“By drinking this V8”, IT can enable the entire organization to be more resilient; make faster, better and wiser decisions; and transform the business.

Juicer

 

My Masticating Juicer 

Beyond V8: Veni Vidi Vici!

But to constantly enhance organizational Vitality, you must “drink fresh V8” and make it an organizational routine. Aged data is like canned juice which often loses many vital nutrients and Vitamins. When my son demands and drinks his fresh apple juice with a twist of ginger and lime from the masticating juicer shown above, he has a sated contended smile on his face. That smile makes all my angst from Big Data and life Vanish!

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Cliff, Cliff on the Hill: Which Emerging Computing Technologies (ECT) to Watch in 2013?

Our best wishes to you, your families and friends for a Happy, Healthy, and Prosperous New Year. Much of 2012 was a stimulating hike through the emerging computing technology (ECT) landscape; with the last month or so being an exciting steep ascent culminating at the ECT Cliff. Our year-end climb started with our participation at the exciting annual Supercomputing 2012 event (#SC12) in Salt Lake City in Utah. Then, we attended the annual #IBM Software Analyst Insights conference in Stamford, CT. And finally, we attended the monthly Connecticut Chief Technology Officers (CTO) club in mid-December before winding down for our annual holiday in 2012.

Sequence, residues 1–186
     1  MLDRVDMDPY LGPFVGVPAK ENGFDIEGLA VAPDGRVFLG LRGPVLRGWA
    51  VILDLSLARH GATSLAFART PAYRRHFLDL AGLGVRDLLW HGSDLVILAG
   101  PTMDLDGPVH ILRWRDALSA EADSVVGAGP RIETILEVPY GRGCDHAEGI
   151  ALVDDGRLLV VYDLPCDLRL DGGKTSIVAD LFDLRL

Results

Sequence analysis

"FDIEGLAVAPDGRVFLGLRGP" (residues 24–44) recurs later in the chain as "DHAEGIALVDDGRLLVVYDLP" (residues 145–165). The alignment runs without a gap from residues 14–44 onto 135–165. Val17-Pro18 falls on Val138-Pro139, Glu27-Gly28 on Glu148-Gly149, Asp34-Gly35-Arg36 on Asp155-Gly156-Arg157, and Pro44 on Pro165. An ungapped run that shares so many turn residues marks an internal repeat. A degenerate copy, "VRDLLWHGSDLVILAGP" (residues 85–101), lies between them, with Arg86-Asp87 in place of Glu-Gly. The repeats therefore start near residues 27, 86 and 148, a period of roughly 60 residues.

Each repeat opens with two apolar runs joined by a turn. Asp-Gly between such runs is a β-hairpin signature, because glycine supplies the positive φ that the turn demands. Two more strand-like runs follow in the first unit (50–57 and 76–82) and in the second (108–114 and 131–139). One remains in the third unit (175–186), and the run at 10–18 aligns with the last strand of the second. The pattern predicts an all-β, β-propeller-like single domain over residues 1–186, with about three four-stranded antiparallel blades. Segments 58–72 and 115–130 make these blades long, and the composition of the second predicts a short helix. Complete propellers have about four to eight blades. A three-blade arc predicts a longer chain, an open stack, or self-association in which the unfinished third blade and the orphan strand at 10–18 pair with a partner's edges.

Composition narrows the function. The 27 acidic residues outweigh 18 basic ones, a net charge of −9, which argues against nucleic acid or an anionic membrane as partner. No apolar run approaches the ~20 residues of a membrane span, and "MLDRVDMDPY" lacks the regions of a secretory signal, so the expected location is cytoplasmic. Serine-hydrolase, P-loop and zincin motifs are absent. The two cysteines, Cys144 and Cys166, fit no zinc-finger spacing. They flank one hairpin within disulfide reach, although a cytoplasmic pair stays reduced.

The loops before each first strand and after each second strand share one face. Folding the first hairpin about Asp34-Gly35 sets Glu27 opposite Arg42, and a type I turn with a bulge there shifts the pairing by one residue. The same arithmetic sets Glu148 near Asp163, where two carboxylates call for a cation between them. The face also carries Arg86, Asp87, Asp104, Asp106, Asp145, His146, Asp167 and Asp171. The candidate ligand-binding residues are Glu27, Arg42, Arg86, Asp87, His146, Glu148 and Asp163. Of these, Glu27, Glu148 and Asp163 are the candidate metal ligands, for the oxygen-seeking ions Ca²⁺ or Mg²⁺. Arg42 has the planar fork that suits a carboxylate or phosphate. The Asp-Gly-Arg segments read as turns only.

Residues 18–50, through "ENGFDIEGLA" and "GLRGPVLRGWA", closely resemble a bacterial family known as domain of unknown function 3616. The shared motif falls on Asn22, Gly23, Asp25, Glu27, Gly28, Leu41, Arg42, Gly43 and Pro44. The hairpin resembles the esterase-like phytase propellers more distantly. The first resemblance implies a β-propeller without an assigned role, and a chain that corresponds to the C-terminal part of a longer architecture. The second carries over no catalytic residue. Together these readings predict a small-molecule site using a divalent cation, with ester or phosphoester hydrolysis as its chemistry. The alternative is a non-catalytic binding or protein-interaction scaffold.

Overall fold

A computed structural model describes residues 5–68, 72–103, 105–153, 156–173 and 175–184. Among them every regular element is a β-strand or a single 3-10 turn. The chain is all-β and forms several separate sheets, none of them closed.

Already, 2013 is shaping to be an exciting year here in Connecticut. Fortunately, we did not fall over the cliff – fiscal or otherwise. It is refreshingly cold and crisp here. And after this morning’s stimulating hike, I pause and reflect on what the hike through ECT landscape in 2013 may look like from the edge of this ECT cliff while relishing a breathtaking view that is truly amazing – gazing at the horizon taking in the first rays emanating from the rising sun. Reflections on what the ECT landscape may look like 2013 are almost as wondrous and awesome as the rising sun. But unlike the sunrise that can be predicted with great accuracy, ECT predictions even for a relatively near-term horizon i.e. only 2013 could be far off-target!

But rather than just provide my undoubtedly biased individual view, I thought, it may be valuable to share what a small group of Southern Connecticut CTOs viewed as key ECT items to watch in 2013.

December 2012 Connecticut CTO Club Meeting Informal Survey – 2013 will be the Year for Analytics!